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04/02/2013

CSIC ARCHAEOLOGISTS IN EGYPT DISCOVER 3,500 YEAR OLD INTACT COFFIN OF A CHILD


  • The casket, carved in wood, measuring less than a metre in length, was painted white and lacks decoration.
  • The sarcophagus dates from the time of the seventeenth dynasty, a little known historical era from which few remains have been found.
  • The find was made during the 12th expedition of the Djehuty Project, financed by Union Fenosa Gas.
  • Archaeologists of the Spanish Scientific Research Council (CSIC) have discovered, in Luxor, Egypt, the intact sarcophagus of a child who lived during the time of the seventeenth dynasty, around 1550 B.C. X-rays indicate that the child may have died at approximately 5 years of age. The find was made during the 12th expedition of the Djehuty Project, coordinated by the CSIC researcher at the Institute of Philology, Jose Manuel Galán, and financed by Union Fenosa Gas.

    The coffin, made of wood, measures 90 centimetres in length and is without any painted or written decoration. The style of the carving, and the thin layer of white paint that covers it, are similar to the eight wooden figures, shabtis, which have been found near to the grave. The sarcophagus was located during the course of the excavations made by Galán’s team in the necropolis of Dra Abu el-Naga, on the west bank of the Nile at Luxor, at ancient Thebes.

    “This discovery is of special importance because it is an intact coffin and, together with the objects that accompany it, can contribute a wealth of information on a time in the history of ancient Egypt about which very little is known”, the CSIC researcher explained at the excavations.

    The shabtis, and the linen pieces unearthed next to them, contain the name of Ahmose or Ahmose‐sa‐pa‐ir, a crown prince who lived at the transition from the XVII to the XVIII dynasty and died young. For unknown reasons, Ahmose was venerated as a Saint of the necropolis, worshipped for 500 years and was included in the lists of kings that were made many years later.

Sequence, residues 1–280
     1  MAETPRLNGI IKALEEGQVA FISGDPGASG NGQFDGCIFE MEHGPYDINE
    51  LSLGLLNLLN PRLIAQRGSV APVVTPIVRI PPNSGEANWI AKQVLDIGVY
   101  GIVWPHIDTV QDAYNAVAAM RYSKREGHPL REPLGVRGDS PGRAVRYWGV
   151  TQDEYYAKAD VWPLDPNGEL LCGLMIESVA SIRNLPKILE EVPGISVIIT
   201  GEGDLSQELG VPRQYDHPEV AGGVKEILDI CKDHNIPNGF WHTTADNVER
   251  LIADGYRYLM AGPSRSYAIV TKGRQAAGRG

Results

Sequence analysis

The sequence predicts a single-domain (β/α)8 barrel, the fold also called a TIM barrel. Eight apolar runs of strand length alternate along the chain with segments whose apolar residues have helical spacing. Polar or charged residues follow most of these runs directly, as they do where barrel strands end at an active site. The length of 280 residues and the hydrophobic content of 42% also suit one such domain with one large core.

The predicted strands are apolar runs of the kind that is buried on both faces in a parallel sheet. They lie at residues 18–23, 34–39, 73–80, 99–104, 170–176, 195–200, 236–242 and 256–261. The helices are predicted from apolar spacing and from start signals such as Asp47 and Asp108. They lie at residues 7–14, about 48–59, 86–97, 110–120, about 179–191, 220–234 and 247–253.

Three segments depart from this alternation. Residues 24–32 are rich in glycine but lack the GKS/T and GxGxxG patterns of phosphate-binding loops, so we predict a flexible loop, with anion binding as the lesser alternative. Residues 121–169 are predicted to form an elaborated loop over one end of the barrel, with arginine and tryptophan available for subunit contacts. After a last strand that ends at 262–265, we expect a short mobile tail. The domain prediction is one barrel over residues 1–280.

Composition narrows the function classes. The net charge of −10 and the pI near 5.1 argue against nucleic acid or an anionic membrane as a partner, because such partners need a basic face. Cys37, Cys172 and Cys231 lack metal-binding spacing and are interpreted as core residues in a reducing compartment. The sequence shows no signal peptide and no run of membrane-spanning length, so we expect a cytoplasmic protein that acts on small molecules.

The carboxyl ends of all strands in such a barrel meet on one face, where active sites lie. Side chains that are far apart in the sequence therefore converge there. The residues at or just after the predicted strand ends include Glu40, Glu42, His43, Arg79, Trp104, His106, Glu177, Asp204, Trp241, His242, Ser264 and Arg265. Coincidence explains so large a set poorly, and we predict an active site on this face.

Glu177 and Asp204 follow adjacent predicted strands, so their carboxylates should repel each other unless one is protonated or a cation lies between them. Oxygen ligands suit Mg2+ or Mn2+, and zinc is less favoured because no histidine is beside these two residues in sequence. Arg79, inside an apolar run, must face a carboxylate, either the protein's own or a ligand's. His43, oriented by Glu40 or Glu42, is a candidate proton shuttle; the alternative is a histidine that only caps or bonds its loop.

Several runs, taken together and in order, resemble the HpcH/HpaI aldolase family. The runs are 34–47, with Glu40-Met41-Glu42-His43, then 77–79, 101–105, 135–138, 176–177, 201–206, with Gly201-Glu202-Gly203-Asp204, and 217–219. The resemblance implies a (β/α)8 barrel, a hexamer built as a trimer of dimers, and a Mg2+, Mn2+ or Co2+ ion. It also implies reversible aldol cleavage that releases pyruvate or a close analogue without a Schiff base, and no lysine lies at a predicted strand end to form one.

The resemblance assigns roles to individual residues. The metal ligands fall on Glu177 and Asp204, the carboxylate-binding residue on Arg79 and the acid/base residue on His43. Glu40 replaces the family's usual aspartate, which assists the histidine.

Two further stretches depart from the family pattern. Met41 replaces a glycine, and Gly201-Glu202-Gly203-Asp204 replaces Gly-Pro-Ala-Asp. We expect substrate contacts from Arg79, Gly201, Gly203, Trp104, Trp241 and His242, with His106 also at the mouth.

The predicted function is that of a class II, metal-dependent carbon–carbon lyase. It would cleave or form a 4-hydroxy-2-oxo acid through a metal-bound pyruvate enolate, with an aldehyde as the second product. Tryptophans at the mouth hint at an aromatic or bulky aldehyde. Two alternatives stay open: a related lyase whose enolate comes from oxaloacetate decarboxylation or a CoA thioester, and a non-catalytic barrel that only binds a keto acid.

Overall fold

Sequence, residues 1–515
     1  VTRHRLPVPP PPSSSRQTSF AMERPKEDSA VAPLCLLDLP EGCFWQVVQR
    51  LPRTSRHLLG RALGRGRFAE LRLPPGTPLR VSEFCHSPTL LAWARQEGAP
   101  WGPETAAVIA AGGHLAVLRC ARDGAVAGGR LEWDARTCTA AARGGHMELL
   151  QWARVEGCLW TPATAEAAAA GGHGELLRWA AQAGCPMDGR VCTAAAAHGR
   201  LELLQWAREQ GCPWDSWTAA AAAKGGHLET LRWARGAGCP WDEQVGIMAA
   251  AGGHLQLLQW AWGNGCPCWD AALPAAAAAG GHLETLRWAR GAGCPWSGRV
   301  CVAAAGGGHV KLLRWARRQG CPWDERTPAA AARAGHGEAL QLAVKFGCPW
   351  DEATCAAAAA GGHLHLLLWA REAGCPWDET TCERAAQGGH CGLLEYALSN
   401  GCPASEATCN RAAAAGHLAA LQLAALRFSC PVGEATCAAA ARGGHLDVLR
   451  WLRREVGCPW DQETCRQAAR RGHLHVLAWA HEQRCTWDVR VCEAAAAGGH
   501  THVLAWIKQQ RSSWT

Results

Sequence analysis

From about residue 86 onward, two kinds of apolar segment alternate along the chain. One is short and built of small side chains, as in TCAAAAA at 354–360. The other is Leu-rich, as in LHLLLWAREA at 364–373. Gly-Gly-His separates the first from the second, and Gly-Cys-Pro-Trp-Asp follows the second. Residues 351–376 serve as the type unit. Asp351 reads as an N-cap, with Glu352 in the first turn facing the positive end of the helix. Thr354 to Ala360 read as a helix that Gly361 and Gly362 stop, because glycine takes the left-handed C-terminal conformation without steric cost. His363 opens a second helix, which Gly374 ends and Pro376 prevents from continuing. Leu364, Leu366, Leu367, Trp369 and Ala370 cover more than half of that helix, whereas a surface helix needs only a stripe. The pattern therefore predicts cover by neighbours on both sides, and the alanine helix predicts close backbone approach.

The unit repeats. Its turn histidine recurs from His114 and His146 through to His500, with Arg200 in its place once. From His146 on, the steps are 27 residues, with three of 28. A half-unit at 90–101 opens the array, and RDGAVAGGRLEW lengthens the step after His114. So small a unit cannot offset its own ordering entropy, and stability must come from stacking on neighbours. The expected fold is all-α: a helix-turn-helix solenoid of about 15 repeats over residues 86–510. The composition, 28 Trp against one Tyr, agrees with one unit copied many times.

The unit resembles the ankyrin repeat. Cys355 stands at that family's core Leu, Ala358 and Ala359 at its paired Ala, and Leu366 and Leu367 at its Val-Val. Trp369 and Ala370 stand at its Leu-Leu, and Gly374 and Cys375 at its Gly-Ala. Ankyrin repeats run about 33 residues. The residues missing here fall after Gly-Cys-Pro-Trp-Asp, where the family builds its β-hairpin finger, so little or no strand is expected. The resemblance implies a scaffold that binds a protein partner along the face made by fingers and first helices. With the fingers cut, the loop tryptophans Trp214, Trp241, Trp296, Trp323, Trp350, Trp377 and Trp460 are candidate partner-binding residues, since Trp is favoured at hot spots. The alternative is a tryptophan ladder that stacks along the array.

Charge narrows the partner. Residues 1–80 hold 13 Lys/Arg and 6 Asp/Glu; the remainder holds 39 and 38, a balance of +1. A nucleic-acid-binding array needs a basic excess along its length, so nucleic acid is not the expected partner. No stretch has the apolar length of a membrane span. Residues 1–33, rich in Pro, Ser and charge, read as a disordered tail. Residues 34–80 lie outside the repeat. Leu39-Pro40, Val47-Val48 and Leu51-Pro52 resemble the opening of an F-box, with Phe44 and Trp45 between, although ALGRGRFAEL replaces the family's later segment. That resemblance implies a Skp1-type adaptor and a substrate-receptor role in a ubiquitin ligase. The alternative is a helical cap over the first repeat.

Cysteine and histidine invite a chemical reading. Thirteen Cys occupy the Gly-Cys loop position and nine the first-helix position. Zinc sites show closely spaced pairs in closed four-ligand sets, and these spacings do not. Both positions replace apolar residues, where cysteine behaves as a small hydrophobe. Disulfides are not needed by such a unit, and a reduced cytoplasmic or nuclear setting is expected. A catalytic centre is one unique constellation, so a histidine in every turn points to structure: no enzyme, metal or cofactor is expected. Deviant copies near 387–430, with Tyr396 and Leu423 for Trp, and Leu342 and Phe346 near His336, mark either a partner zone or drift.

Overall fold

“Because of the objects found we think that this place of burial could have been reserved for members of the royalty. However, we still do not know the identity of the mummy, as the sarcophagus does not contain any inscription”, adds Galán.

    According to the researchers, the location of this tomb in this area of Dra Abu el-Naga, could explain the discovery of a huge deposit of more than 2,000 ceramic vessels found among the adobe chapels, as well as the reason for the location of the funeral monument of Djehuty at this end of the necropolis.

    Twelve excavation expeditions

    The project takes its name from Djehuty, the supervisor of the Treasury and the work of the craftsmen of Queen Hatshepsut, one of the few women Pharaohs of ancient Egypt and whose reign lasted for 22 years in the eighteenth dynasty, around 1470 B.C. In addition to the excavation and restoration of the funeral monument of this royal scribe, the archaeological work is also focused on the tomb of Hery, dated by the experts to be around 50 years before that of Djehuty.

    The 12 excavation expeditions carried out by Galán and his team have born many fruits, such as the so-called apprentice’s board, the coffin of the warrior Iquer or the burial chamber of Djehuty himself, completely decorated with drawings and hieroglyphics from the Book of the Dead, among many others.

    Union Fenosa Gas finances the Djehuty Project through its 2012 expedition and has been present in Egypt since 2000. The company has a natural gas liquefaction plant near Damietta. Union Fenosa Gas supports this project, which emphasizes its commitment to research in Spain, and reinforces its close ties with Egypt.